The House Foreign Affairs Committee will investigate whether Trump’s business interests are affecting his foreign policy decisions, committee chair Eliot Engel (D-NY) told CNN.
“I’m concerned about — we want to make sure that policies are being made based on what’s good for the United States and not what might be good for the president personally,” Engel told the network.
The probe will include whether Trump is violating the Constitution’s emoluments clause, a portion of the law that prohibits the president from accepting things of value from foreign governments.
“There are a lot of people who look at the Constitution and say that it’s being violated right now,” Engel said. Upon being asked whether he thought Trump was violating the Constitution, Engel replied: “I think we’ll find out soon. I think it’s a possibility, yeah.”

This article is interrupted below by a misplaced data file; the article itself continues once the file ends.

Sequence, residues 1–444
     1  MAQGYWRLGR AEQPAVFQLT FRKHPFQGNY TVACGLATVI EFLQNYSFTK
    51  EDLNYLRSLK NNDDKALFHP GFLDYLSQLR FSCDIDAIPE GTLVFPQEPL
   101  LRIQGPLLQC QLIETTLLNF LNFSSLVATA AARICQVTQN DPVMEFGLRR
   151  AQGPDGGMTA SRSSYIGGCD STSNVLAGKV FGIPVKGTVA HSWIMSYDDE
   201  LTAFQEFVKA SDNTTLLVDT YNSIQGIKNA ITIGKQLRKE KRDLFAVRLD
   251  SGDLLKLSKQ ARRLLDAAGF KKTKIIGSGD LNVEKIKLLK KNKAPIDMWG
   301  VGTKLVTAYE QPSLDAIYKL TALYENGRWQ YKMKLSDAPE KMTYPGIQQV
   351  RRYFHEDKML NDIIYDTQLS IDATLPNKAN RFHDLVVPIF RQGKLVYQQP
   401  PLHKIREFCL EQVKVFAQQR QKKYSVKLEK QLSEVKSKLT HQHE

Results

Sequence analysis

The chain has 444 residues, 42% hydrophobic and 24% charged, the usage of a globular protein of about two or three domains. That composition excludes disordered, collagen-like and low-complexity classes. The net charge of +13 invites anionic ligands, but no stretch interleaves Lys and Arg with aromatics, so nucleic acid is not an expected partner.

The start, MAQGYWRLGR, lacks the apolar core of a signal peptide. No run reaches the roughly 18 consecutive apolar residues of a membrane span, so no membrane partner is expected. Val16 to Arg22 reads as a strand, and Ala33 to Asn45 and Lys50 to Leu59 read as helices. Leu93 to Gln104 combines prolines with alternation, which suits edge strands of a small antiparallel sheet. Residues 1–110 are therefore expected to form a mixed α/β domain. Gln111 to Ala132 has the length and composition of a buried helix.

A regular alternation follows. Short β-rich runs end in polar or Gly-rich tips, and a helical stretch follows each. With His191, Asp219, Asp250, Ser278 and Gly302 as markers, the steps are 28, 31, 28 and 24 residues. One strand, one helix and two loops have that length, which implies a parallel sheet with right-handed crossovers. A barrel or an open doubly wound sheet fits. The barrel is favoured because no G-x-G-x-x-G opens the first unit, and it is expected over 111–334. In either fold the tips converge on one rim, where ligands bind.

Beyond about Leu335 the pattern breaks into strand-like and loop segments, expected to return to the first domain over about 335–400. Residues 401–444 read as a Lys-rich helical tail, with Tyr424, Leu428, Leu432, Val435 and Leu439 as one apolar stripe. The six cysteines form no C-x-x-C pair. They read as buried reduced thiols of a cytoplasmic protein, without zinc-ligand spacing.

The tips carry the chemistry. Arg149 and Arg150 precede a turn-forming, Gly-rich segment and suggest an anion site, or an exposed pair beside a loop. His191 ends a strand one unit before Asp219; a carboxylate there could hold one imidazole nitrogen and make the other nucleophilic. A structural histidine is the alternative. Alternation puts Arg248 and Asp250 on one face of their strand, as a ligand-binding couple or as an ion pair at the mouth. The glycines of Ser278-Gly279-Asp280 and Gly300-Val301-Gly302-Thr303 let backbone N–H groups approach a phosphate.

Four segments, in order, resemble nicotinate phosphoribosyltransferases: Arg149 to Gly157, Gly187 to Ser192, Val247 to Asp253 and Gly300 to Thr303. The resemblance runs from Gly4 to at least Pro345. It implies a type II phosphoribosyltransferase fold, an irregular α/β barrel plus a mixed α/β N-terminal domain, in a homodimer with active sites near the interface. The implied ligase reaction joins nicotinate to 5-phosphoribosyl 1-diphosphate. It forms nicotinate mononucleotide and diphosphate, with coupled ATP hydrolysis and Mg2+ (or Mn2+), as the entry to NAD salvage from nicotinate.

The Trump Administration has been hit with lawsuits since the first days of its existence alleging emoluments violations. One of the cases that’s gone the furthest – filed by the Maryland and DC attorneys general – is stalled at the appellate level pending the resolution to the ongoing government shutdown. Another ongoing case pits Democratic members of Congress who allege that they have been deprived of their right to review Trump’s acceptance of things of value from foreign states.
The president’s D.C. hotel has attracted the most scrutiny, with foreign diplomats reportedly targeting the venue to curry favor. The Saudi government owns a floor in one of Trump’s New York buildings, while a Chinese state-owned bank leases offices in Trump tower.
A spokesman for Engel did not immediately return a request for comment.